I once again see the potential and power of literature, and hope to tell new and necessary stories. As activists, we must not lose sight of art. Let’s reach out to artists and publishers, and find ways to connect, cross-pollinate and collaborate. Let’s all tell some new stories.
In the meantime, here are some questions I posed to Aleksandar Hemon. Take another moment…I promise you’ll enjoy his sense of humor. And, if you make it to the end, I just have this to say: Page 150.
JN: How did you discover Lazarus Averbuch, and did you set out on this project with all of the political themes in mind?
AH: A friend of mine gave me the book called An Accidental Anarchist by Walter Roth and Joe Krauss. It was a straight, smart historical recounting of the Lazarus Averbuch affair, including the political fallout–the persecution of anarchists and foreigners, changes in immigration laws etc. I have deep interest in immigration and displacement, for obvious reasons, so the book was very fascinating to me. I am a history buff, because it interests me how people lived in the past and how we got to this point, whatever the point.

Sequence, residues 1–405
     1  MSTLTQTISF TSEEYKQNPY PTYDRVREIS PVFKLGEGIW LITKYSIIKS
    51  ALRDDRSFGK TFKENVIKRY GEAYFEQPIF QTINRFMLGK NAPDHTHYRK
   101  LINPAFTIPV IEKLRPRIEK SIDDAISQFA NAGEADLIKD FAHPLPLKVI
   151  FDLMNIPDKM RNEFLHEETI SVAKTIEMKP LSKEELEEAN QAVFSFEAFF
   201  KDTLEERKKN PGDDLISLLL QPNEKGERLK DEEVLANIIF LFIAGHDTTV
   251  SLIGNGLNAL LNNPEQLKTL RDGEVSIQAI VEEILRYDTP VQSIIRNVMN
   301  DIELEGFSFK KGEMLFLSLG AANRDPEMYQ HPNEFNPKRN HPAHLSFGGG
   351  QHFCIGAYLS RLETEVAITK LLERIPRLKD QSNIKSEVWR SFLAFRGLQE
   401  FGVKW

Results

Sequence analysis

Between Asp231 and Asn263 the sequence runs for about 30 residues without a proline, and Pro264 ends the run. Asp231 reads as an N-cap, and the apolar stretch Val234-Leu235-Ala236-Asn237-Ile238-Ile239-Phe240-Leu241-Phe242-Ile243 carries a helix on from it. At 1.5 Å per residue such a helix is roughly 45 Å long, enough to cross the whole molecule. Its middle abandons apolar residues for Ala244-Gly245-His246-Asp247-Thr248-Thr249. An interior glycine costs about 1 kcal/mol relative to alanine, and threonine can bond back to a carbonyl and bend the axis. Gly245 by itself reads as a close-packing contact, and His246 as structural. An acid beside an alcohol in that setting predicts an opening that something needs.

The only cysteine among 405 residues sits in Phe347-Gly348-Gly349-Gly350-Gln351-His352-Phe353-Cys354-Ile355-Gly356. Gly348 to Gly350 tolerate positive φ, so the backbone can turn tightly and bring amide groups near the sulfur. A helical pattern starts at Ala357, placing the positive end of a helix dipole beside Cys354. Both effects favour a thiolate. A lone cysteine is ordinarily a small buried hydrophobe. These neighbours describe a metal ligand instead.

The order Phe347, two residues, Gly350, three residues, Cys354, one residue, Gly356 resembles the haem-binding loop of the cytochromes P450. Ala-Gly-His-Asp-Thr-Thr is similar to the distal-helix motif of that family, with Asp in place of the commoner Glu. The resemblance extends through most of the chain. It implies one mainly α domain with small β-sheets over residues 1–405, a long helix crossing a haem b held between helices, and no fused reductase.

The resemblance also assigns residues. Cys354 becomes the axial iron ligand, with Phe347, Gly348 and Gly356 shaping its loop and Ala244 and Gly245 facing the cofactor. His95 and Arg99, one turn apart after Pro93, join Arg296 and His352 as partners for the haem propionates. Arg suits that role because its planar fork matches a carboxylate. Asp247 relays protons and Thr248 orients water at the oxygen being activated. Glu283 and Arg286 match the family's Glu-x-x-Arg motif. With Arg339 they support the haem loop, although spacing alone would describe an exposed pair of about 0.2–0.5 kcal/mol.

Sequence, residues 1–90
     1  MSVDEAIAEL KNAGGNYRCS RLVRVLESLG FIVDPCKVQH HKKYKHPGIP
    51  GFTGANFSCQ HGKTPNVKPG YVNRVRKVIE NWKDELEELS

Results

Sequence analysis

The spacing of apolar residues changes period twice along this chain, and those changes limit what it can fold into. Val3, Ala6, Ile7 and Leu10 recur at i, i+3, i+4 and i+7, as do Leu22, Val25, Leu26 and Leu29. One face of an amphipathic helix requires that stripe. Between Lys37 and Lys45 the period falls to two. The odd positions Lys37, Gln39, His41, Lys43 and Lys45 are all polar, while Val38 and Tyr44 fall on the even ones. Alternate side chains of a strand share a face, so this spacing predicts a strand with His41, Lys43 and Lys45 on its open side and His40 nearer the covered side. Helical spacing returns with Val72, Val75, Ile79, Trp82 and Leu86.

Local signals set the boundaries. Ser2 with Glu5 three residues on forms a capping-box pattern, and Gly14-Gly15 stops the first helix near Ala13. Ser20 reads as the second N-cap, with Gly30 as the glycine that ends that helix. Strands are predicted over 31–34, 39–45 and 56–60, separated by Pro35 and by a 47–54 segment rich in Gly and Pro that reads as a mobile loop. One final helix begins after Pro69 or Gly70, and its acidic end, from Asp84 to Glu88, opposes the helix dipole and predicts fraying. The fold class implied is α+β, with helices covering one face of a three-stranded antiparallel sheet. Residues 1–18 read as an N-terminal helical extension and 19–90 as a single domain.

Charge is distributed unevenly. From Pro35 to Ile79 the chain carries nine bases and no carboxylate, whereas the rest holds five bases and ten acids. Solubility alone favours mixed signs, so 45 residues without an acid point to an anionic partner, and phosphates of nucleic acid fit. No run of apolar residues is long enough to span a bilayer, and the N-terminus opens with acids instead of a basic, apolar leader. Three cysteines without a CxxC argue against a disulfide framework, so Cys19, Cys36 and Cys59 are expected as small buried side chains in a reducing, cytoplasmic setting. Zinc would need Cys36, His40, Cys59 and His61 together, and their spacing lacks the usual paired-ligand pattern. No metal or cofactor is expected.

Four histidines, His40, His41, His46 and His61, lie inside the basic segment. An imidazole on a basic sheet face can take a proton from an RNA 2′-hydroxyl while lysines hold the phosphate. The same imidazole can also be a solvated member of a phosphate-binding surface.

And history is always political, both in its form and in its content. On the one hand, what people look for and see in history is necessarily related to their politics. On the other hand, history to some extent always records the human consequences of political decisions and catastrophes, as well as the decisions and catastrophes themselves. Which is to say that I did not need to set out to do a political book. I simply knew that neither the politics of that time (and our time) nor the fallout of human suffering could be kept out of the book.